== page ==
The result we see from bank policies and conduct is that people go into a declared “default” on a false loan because the bank representative who has no money in the game told them that the only way they can apply for relief is by being behind in their payments at least 90 days. Translation: We are advising you to breach your loan documents and go into debt on past due payments such that you won’t be able to reinstate.
People go into trial modifications on a false loan with a bank or entity with no authority to offer it during which they deplete their savings and retirement, go totally broke from paying the “offer of trial modification” thinking they are saving their home. Then they are told that the permanent modification was denied because of some obscure reason and they have a few days to reinstate the loan with money they don’t have and with a credit score that took a major hit because of the reporting by the same non-creditor who threatened them with foreclosure.
The objective is to wear people down financially, emotionally and physically. Turmoil in the household caused by the stress of impending foreclosure causes divorce, physical ailments and even suicides. The result is that the house goes into foreclosure despite the fact that the borrower made a perfectly valid offer of modification whose proceeds far exceed the proceeds from foreclosure.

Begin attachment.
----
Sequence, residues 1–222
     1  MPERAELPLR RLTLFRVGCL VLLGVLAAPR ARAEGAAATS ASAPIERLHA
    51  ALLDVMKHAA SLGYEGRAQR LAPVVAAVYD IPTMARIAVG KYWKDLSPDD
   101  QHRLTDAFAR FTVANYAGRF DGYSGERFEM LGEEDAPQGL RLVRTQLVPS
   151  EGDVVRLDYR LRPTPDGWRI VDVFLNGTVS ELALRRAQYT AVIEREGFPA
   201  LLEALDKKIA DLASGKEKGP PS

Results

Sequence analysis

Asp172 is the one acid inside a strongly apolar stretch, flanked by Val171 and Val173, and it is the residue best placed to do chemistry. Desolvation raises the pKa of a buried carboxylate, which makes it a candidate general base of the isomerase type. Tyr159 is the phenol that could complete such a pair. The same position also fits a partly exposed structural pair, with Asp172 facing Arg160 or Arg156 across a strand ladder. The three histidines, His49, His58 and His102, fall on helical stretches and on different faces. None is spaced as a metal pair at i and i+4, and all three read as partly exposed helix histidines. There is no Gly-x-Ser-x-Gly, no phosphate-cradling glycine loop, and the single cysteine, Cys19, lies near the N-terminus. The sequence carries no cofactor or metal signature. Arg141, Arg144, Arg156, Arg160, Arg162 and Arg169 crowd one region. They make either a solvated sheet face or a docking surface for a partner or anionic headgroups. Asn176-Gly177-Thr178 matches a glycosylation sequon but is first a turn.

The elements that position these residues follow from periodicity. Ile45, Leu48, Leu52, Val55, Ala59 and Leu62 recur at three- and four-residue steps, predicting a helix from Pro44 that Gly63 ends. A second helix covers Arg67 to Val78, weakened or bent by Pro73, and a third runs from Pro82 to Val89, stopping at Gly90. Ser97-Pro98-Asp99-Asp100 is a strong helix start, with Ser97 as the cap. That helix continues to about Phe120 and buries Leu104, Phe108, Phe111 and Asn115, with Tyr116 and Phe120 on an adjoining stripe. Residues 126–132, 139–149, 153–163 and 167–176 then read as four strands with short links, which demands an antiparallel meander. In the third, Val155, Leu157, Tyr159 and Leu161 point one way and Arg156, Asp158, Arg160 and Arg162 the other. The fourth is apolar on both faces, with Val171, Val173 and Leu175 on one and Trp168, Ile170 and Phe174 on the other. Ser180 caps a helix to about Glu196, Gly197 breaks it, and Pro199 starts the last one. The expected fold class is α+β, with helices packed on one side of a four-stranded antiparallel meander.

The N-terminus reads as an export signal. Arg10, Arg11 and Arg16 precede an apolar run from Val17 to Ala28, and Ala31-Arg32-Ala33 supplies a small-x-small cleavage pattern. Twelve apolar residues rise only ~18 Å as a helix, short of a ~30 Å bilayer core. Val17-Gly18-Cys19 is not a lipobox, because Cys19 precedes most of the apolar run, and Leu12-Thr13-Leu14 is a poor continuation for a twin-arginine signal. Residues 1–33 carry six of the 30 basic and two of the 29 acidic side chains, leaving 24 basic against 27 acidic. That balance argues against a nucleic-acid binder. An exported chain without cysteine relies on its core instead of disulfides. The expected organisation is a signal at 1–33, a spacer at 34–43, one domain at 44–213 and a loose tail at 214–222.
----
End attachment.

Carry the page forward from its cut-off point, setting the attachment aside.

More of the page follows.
The banks are like any other business searching for profit. So at first blush one might assume that anything they can do to mitigate their loss they would jump at, which is the way it always was until the whole “securitization” thing came along. What changed was that instead of having a risk of loss if the loan failed, the banks made tons of money betting on the failure. So as soon as mortgages were declared in default, they collected 100 cents on the dollar, insurance and the proceeds of hedges like credit default swaps. The irony here is that the banks collected the mitigation payments from insurance and credit default swaps while it was investors who were actually losing the money.